Yvonne Evans was looking for Peace in all the right places.
But when the Buffalo resident finally found the tiny tie-dyed bear at a kiosk in the Walden Galleria, she decided that $59.95 was too much to pay, even for a coveted member of the Beanie Babies collection.
Especially so the day after Christmas, when most merchants were slashing prices by 10 percent to 70 percent to make up for what analysts called ho-hum holiday sales. A booming U.S. economy and high consumer confidence had lifted the expectations of retailers. Some upbeat merchants had visions of 8 percent sales increases dancing in their heads, only to be left with a glut of inventory.
Bargain hunters converged on area malls and department stores early Friday, some hoping to snare post-Christmas deals, others looking to return merchandise.
Amherst resident Sue Stanley was already in the Boulevard Mall by 7:30 a.m. for the first of two buying excursions.
"We have six kids, so we do the shopping in shifts. I started out with two of them, then brought three other kids later in the morning. I think we'll do the shopping for the youngest one," said Ms. Stanley as she took a short breather in the Boulevard Mall food court.
For the Stanley clan, it was a "green" Christmas in more ways than one; each of the youngsters received between $70 and $100 from generous relatives.
Eight-year-old Amy managed to buy three pairs of shoes for about $15, less than half of what she might have spent had she bought the same merchandise a week earlier.
"She's a pretty smart shopper," her mom said with a wink.
Over at Walden Galleria, Cindy Westphal also was trying to get the most bang for her post-holiday buck. The Eden resident lost her job in June and had to take a new position at a substantial pay cut, prompting her to slash her Christmas budget by about 25 percent. She opted to do more of her shopping after the holidays, hoping to benefit from deep discounts. She wasn't alone.
"Lord & Taylor was packed by 7 a.m. Some people were walking around with three or four baskets, all of them crammed with Christmas ornaments and other stuff," she said.
But not everyone was on a buying binge. Jim Cansdale, 16, was at Champs Sports Goods, making a return that would put frowns on the faces of local hockey moguls.
"I'm returning this Buffalo Sabres jersey because I'm not much of a fan anymore," said Cansdale.
Local merchants offer radically different assessments of the holiday sales season. Angel Gac, a sales associate at Aeropstale, a Galleria clothing boutique, said sales have been brisk over the past month.
"Things started picking up right after Thanksgiving. The week before Christmas was excellent," Ms. Gac said.
But at another end of Walden Galleria, disappointed workers at Airbrush Artwork were boxing up clothing, murals and other screen-printed merchandise as they prepared to close the shop a week earlier than scheduled. Manager Kim Ceppaglia described sales as "terrible" and claimed she talked with several other Galleria merchants who concurred.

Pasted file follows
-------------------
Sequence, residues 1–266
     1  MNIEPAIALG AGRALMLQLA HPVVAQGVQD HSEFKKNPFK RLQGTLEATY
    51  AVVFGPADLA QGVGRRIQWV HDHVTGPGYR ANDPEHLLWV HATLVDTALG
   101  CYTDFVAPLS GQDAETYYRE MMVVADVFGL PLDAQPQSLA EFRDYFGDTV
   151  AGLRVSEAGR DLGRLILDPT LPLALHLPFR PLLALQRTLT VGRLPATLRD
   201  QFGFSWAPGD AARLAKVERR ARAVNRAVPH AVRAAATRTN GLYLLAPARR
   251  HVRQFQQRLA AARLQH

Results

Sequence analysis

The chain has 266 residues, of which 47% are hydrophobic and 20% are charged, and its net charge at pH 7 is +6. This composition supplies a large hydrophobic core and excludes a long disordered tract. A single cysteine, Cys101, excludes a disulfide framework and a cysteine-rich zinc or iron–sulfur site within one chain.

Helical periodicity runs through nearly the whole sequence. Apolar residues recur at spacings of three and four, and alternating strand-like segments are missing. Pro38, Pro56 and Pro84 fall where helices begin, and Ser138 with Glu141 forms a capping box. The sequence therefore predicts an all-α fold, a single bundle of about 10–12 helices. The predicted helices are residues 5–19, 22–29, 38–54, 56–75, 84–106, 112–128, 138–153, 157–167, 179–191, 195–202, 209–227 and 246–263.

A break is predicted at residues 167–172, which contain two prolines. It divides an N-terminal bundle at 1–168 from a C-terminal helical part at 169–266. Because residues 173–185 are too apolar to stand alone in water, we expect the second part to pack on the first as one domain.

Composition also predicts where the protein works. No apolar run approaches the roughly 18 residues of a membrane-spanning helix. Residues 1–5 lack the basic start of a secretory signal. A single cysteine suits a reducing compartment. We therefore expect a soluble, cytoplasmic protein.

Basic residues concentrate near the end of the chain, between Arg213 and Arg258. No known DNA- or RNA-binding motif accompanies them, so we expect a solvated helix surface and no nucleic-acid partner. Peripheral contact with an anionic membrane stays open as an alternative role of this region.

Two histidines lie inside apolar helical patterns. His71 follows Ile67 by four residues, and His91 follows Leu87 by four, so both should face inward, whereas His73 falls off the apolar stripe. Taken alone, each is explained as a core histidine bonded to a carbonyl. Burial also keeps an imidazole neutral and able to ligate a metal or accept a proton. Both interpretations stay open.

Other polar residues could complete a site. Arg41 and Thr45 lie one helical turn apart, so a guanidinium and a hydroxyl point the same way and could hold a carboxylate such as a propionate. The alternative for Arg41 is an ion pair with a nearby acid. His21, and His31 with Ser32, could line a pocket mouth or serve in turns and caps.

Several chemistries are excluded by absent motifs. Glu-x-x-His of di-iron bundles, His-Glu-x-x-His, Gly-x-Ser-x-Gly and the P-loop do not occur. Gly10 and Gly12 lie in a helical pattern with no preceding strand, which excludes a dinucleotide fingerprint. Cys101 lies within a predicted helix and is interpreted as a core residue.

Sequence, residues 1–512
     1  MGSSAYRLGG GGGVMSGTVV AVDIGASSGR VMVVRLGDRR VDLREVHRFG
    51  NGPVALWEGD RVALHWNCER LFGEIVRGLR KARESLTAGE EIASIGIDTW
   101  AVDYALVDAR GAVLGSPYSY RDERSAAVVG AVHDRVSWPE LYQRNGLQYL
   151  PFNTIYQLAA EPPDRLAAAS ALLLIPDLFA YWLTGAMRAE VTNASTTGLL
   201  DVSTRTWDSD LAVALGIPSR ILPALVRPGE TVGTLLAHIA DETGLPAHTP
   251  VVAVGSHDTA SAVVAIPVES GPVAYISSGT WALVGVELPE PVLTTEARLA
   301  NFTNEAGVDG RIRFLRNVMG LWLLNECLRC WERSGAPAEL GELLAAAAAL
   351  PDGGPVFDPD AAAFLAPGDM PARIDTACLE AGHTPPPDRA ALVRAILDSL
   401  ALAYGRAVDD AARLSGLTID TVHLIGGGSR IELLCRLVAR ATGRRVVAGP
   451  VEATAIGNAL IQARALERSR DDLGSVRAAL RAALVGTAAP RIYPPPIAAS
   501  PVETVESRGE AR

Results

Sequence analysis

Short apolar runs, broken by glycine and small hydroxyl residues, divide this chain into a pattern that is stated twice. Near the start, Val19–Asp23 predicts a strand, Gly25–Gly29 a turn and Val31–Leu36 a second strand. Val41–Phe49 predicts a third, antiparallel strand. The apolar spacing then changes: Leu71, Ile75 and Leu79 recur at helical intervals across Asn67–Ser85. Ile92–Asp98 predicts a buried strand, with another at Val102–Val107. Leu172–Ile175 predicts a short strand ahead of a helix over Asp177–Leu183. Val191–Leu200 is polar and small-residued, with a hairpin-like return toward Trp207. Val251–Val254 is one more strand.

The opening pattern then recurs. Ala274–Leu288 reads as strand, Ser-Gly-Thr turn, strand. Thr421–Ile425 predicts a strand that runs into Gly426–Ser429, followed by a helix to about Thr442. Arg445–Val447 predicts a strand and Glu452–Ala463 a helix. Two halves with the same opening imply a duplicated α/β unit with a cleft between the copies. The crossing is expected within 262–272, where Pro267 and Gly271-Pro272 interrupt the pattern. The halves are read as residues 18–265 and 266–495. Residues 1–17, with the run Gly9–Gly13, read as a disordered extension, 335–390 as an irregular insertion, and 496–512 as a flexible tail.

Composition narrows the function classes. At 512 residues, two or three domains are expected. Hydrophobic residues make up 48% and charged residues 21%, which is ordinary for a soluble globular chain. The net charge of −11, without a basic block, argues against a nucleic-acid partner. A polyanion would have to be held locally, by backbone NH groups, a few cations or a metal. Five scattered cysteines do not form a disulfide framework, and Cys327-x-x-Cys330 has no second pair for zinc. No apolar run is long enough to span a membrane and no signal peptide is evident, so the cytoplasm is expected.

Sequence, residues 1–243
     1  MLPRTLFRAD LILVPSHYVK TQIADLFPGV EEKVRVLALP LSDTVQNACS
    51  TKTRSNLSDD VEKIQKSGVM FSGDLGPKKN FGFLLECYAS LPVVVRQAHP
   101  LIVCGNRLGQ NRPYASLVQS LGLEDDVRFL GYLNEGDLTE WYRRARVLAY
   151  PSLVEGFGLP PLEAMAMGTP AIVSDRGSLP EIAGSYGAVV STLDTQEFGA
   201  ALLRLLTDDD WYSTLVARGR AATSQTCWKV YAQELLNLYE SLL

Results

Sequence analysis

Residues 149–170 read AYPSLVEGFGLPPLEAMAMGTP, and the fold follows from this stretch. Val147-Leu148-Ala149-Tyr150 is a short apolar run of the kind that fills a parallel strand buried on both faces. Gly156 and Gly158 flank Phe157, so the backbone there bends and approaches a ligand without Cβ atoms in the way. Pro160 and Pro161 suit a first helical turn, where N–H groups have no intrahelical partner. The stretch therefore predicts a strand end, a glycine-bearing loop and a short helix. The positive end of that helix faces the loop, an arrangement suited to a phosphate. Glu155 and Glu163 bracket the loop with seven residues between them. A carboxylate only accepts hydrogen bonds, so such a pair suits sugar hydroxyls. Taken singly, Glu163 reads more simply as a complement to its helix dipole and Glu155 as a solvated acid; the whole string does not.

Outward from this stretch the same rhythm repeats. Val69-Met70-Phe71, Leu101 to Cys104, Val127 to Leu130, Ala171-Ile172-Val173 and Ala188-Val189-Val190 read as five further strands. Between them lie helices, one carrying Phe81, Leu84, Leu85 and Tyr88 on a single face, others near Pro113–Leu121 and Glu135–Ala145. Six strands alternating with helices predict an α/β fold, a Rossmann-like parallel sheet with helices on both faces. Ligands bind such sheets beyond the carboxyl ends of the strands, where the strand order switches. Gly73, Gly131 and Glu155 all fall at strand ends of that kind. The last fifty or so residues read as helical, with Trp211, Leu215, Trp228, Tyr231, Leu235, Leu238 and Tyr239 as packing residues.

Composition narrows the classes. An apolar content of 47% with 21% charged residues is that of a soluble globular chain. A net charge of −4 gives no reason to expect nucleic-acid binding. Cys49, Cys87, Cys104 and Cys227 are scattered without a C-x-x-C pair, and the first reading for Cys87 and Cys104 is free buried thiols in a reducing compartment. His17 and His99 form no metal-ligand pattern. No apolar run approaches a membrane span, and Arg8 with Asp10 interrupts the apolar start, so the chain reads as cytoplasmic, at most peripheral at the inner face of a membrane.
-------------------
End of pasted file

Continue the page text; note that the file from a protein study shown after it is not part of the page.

Airbrush Artwork operates out of a store at 4839 Union Road and opened a 1,000-square-foot outlet at the Galleria three months ago as an experiment.
"If sales had been good, we would have probably stayed here permanently. But it was a horrible season. We were promised golden hills by the mall people and it just didn't happen," Ms. Ceppaglia said.
James Soos, general manager at Walden Galleria, said it's too soon to give a sales post-mortem because most stores won't report figures until the end of the month.
"We're hearing mixed results. Some outlets were up quite a bit, while others were flat or even down. It's too close to call right now," Soos said.
But he said mall traffic from late November through Christmas Eve was up about 5 percent over the same period last year.
The holiday sales season at 11 area Kmart stores was described by district manager David Ward as "break-even" when compared to 1996. "Electronics was strong," he said. "In fact, it was probably our healthiest division. But apparel was on the light side."
Ward said the number of shoppers seeking refunds for merchandise has been "within reason."
Downtown, Michael Schmand, executive director of Buffalo Place, said he had talked with several business owners in Main Place Mall. "One store manager described it as a phenomenal season. And I've been told that Radio Shack also had a good year," he said.
At the Boulevard Mall, some kiosk workers could be heard Friday hawking buy-one-get-one-free offers on many items, while jewelry, apparel and electronics stores were also advertising big discounts.
Many shoppers were lugging around shopping bags filled with Christmas wrapping paper, greeting cards and Christmas lights.